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Late on Monday afternoon, the Brooklyn Nets trailed the Cleveland Cavaliers by three points with less than 30 seconds remaining. But with possession of the ball and James Harden and Kyrie Irving on their side, they still had a chance. Or, at least, they did until Lauri Markkanen smothered Harden's drive, forcing a bad pass that Isaac Okoro took the other way for an uncontested, game-sealing dunk. 

After a few perfunctory free throws from Kevin Love, the Cavaliers walked off the floor with a 114-107 victory over the preseason title favorites. Even though Kevin Durant didn't play due to a knee injury, this was still one of the most impressive results of the season for the Cavaliers, who have now won five in a row to improve to 27-18 -- just two games out of first place in the Eastern Conference. 

No one saw this sort of turnaround coming for the Cavaliers -- their preseason win total projection by Caesars Sportsbook was just 25.5 -- but they've proven time and again that they're a real problem in the East. That's due in large part to their elite defense, which ranks third in the league (105 defensive rating) and was on display yet again on Monday. 

In the fourth quarter, in particular, the Cavs were stellar on that end of the floor. They held the Nets to 19 points on 6-for-20 from the field, which was just the 12th time all season the Nets have scored fewer than 20 points in a quarter, per Stathead. Even more impressive was that after Harden tied the game at 105-105 with 3:43 to play, the Cavs allowed just two points the rest of the way. 

"It's a signature win for us against a high-level team," Cavs head coach J.B. Bickerstaff said. "The most impressive thing is to hold a team like that to 19 points in the fourth that lets you know what you're capable of defensively."

Leading the way on that end, as he usually does, was rookie big man Evan Mobley. With his rare combination of length, athleticism, timing and feel for the game, he's already one of the best defensive rookies we've ever seen, and his exploits have been well documented. Against the Nets, he was all over the place. He played the entire fourth quarter, and in addition to four points and four rebounds, he altered a number of shots. 

Watch here in the pick-and-roll, as he sits down in a stance to shut down Irving's drive, then uses his long arms to get out and contest the jumper. Irving thought he created plenty of space, but Mobley nearly got the block and forced the high-arcing miss. 

Later on, Mobley showed off his abilities at the rim. This time, Irving used his quickness to snake around Jarrett Allen and get into the paint. It seemed like he was going to get a layup, but Mobley arrived just in time to go straight up and make Irving miss without fouling.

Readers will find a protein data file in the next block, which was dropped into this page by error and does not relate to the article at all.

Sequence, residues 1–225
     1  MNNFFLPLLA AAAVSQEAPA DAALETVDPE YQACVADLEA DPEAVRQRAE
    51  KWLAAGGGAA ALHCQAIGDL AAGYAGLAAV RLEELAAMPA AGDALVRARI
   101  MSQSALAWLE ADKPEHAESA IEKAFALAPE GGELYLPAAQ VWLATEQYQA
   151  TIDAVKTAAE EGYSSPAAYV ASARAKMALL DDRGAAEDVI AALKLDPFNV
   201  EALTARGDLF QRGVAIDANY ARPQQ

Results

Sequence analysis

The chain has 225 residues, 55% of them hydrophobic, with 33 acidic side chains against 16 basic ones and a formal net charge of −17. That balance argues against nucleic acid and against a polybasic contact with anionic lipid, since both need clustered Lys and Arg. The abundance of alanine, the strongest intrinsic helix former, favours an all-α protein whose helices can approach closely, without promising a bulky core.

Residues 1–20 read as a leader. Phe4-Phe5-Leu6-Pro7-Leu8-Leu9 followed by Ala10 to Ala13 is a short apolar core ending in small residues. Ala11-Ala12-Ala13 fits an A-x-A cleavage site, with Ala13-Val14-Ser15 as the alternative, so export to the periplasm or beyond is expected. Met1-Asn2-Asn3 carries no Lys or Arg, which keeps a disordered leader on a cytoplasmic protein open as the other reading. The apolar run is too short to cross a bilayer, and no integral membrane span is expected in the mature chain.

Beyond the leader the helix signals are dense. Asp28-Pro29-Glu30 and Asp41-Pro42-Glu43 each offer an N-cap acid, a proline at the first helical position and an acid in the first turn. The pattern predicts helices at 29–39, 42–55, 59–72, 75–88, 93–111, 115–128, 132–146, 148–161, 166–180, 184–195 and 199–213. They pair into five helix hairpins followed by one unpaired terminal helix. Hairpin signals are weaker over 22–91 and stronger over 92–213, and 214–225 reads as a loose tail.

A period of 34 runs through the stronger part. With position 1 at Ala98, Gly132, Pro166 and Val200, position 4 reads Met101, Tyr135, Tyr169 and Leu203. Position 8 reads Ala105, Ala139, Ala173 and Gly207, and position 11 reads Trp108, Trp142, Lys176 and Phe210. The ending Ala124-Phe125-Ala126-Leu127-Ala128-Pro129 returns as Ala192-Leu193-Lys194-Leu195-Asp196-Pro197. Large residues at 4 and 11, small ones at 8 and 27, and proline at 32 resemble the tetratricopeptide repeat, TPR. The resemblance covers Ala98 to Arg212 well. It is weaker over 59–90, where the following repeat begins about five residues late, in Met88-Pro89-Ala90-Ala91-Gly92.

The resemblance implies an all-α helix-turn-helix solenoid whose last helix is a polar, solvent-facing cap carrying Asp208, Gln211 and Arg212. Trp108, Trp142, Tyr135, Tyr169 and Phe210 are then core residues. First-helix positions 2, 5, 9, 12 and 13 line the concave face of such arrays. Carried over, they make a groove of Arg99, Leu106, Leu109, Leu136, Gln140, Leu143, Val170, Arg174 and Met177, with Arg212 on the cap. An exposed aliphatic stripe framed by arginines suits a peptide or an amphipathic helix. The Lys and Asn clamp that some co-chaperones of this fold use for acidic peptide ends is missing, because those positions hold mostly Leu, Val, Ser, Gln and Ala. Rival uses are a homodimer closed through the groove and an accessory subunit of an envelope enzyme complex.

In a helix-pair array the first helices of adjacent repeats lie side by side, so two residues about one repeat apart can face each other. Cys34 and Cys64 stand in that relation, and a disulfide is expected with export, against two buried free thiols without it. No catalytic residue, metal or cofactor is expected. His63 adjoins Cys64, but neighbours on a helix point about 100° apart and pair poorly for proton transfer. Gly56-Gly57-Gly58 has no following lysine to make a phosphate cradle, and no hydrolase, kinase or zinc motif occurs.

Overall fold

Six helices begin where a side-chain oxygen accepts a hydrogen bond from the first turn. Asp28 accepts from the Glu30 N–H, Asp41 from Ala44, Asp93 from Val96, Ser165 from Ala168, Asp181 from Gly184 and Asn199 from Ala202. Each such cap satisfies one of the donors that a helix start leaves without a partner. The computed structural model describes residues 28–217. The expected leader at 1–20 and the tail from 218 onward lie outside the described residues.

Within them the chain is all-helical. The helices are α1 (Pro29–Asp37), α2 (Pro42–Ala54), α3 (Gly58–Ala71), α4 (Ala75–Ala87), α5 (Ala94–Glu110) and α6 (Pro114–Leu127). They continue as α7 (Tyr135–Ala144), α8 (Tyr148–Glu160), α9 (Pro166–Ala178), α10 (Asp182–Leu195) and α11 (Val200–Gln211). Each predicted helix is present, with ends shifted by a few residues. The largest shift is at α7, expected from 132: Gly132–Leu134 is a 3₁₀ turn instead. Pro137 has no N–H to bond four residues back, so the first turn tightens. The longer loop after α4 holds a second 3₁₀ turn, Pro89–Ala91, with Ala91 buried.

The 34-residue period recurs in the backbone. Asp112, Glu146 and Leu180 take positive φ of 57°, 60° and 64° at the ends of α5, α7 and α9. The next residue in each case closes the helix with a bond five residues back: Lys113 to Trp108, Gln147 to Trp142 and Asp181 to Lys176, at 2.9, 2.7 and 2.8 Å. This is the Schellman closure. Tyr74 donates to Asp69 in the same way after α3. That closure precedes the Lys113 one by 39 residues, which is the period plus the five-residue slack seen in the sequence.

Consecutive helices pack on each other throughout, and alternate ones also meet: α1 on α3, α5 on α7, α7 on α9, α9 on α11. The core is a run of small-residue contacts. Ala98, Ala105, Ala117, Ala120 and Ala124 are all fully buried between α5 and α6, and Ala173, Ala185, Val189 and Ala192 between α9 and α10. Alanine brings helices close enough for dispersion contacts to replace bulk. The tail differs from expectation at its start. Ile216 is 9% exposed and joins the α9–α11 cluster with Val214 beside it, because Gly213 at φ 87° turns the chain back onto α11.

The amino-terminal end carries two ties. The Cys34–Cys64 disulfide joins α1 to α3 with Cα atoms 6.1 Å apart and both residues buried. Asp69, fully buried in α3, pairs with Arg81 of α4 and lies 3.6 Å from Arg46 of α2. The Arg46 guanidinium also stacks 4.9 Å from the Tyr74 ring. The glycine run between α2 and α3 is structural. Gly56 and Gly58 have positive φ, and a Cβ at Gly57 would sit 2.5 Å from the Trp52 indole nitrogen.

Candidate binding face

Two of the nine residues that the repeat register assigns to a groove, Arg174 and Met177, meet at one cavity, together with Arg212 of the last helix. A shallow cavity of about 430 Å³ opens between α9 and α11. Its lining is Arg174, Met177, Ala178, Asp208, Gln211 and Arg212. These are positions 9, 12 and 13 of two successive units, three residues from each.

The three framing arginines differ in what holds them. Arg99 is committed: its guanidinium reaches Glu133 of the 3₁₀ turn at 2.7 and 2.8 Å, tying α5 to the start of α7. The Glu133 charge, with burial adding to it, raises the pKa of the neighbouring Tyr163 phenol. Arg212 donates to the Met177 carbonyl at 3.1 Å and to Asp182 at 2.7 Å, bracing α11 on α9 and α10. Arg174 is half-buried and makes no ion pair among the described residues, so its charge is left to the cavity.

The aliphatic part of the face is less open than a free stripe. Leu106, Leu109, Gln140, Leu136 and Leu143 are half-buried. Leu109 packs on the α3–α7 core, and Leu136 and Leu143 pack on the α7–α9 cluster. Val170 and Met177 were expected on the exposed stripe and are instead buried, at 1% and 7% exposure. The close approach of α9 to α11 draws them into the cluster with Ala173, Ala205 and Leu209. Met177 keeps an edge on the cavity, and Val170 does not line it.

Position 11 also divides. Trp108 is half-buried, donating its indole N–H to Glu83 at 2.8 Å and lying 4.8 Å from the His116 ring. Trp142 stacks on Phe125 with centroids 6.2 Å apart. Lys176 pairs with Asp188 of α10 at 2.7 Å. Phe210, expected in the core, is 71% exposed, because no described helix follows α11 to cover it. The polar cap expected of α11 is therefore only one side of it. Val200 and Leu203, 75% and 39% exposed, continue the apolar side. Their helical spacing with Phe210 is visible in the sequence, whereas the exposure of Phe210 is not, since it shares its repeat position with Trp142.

Two completely different plays that show why Mobley and the Cavs are so difficult to score against. If you put Mobley in the pick-and-roll, he's long and mobile enough that it's rarely going to be a serious mismatch. But if you run actions away from him to try and get him out of the play, he has the awareness and ability to clean things up on the back end anyway. 

As great as he was, Mobley wasn't the only one making plays in the fourth quarter. Isaac Okoro, the No. 5 overall pick in last year's draft, doesn't get much attention but is a terrific defender in his own right. In addition to the steal and dunk in the closing seconds, Okoro was giving Irving fits. 

The seven-time All-Star tried to isolate against Okoro multiple times, but had no success. Here's a perfect example from late in the game. Okoro closes out to prevent the 3-pointer, cuts off the drive, keeps his hands high and forces Irving into a difficult leaner going away from the basket. 

That none of these clips feature Allen, who is eighth in rebounding (10.9) and 12th in blocks (1.4) in the league, and possibly heading to his first All-Star Game, is a testament to the depth of defensive talent on this roster. In a league that has been steadily trending smaller, the Cavs zagged and feature three seven-footers (Allen, Mobley and Markkanen) in their starting lineup. As a result, they clean up on the glass, and allow nothing at the rim; they're holding opponents to a league-low 58 percent in the restricted area. 

Questions remain about whether they can consistently score enough, especially with Collin Sexton and Ricky Rubio out for the season, but with their defense operating at this level, no one is going to want to play the Cavaliers come playoff time.